Find me the biography on the person who isn't a sinner, and I'll find you a liar, AND an autobiography that didn't sell squat. We like to watch people get back up. That's why "Eat, Pray, Love" resonates. It's why "America's Funniest Videos" has been on for twenty plus years. It's why King David had a WHOLE heart for God because he knew what it was to fall -- and to get back up. When I read the angry reviews and judgments in some of these autobiographies, all I can think is, there but for the grace of God go I...

I think the thing that so many Christians fail to realize is NONE of us is the brother who stayed home. We are ALL the prodigal son. And if someone comes to you and tells you their truth? Show them some grace. I think that's what Jesus would do I believe He prepared them a banquet even.
posted at 2:04 AM  
  Comments (13)
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At 7:34 AM, Blogger Pam S. said...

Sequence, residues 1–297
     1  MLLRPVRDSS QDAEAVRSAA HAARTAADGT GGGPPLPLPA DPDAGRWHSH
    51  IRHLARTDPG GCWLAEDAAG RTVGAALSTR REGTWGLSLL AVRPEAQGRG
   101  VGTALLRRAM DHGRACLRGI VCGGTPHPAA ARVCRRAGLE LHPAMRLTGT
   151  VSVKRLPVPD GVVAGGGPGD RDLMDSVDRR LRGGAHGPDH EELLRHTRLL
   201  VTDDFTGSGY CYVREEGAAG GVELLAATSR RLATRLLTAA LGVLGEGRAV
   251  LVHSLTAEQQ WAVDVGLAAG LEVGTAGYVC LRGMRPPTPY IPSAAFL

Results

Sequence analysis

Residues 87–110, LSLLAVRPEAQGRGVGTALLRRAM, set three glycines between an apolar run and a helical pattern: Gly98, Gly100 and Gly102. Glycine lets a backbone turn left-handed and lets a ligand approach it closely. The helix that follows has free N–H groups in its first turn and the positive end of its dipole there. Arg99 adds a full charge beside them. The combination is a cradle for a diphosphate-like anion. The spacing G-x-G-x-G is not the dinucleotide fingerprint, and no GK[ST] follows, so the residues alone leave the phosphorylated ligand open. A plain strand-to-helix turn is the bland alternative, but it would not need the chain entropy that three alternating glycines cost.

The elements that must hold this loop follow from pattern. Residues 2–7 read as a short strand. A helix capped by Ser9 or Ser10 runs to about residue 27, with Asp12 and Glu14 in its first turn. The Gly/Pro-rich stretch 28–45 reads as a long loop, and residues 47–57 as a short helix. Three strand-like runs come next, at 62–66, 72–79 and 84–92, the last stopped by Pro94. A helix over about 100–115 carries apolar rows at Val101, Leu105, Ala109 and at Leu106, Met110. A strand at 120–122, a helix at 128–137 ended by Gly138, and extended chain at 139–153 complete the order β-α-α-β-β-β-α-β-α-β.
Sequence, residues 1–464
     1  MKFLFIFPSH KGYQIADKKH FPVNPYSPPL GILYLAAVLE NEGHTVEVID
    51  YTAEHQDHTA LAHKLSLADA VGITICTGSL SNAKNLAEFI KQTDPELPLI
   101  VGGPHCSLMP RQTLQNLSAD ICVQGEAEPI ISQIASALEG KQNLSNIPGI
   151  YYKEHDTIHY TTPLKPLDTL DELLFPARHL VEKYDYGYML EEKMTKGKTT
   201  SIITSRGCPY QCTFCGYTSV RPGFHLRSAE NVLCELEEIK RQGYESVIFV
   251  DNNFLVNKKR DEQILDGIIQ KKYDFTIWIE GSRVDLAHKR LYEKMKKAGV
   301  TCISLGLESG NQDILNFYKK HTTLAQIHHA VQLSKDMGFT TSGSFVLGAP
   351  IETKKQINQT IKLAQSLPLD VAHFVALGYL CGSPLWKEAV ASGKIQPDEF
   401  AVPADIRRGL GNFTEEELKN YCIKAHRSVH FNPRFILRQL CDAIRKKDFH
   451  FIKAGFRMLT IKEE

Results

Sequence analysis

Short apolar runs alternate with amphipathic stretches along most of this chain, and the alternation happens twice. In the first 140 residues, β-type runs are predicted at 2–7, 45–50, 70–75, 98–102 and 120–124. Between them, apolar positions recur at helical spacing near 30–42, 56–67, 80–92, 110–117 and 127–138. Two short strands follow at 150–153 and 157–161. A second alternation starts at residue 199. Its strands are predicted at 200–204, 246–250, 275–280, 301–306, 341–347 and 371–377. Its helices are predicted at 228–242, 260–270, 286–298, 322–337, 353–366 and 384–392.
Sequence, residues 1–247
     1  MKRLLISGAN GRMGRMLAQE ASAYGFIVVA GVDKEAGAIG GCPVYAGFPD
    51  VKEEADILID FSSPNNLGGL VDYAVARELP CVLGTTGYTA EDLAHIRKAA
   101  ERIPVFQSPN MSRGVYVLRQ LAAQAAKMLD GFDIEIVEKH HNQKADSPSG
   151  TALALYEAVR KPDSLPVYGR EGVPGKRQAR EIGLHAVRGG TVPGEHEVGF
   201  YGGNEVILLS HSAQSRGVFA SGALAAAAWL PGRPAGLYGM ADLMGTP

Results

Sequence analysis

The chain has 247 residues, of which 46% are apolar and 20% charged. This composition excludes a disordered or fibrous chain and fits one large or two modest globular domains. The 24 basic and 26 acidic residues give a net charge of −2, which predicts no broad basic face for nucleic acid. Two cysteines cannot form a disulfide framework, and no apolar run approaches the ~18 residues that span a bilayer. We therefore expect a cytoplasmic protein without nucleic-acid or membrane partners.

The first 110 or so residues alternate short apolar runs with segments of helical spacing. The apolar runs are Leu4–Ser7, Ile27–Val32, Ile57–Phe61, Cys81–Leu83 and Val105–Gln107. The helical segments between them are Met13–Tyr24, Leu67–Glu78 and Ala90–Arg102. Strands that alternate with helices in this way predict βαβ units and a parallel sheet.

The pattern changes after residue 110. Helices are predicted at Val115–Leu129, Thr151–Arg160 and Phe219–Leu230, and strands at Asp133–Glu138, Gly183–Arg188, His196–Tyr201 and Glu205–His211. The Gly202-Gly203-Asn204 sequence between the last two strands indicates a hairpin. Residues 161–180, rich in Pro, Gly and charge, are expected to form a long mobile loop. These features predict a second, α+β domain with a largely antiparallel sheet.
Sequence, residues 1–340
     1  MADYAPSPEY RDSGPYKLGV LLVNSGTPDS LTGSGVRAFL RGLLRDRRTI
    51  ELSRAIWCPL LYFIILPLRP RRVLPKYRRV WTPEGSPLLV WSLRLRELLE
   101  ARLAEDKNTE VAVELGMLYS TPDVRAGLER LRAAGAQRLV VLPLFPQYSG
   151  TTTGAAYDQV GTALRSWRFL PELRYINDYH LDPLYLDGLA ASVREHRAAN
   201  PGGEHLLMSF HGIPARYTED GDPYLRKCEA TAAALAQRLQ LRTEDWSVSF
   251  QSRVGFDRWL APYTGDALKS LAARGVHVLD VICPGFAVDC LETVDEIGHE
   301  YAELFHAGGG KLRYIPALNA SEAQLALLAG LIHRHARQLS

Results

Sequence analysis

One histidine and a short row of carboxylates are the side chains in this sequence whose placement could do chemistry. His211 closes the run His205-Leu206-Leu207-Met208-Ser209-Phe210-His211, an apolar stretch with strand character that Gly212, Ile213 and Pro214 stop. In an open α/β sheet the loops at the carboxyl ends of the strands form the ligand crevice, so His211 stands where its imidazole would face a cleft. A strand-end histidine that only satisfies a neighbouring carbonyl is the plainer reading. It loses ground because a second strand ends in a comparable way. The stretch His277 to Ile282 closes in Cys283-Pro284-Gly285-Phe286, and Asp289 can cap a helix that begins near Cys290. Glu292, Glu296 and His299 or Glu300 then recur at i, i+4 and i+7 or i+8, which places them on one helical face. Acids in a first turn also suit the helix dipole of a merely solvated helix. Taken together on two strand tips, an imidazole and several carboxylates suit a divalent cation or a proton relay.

Good post, Kristin. Yep, I'm with ya. But for the grace of God, go I too!

At 10:46 AM, Blogger Rachel Hauck said...

Great posts, Kristin.

Let the storyteller tell HER or HIS story.

We all have our grace moments where God rescues us.

I'm going in grace and pressing on toward the upward call of God.


At 11:29 AM, Blogger Kristin said...

I watched "Raising Hope" last night, and it was sad how truthfully they portrayed one of the ladies at church, but that didn't stop the family from coming, etc. I thought it had a good message about love, but the show is not for the faint of heart.

At 11:45 AM, OpenID tinaannforkner said...

Hellelujah! I want to stand up and sing. And how do we know that one person's mistake is actually ONE person's mistake. What we stand to learn from the journey of the memoirist is the point, but so many people are ready to point fingers. I think those finger-pointers might sometimes be pointing to draw attention from their own fears. Great post, Kristin. I have always loved your honesty.

At 3:10 PM, Blogger Kristin said...

I just love reading the Obituaries and seeing "beloved husband of..." It's like, regardless of what they did, they were beloved by someone, so you know they were beloved by God. : )

At 3:35 PM, Blogger Kristin said...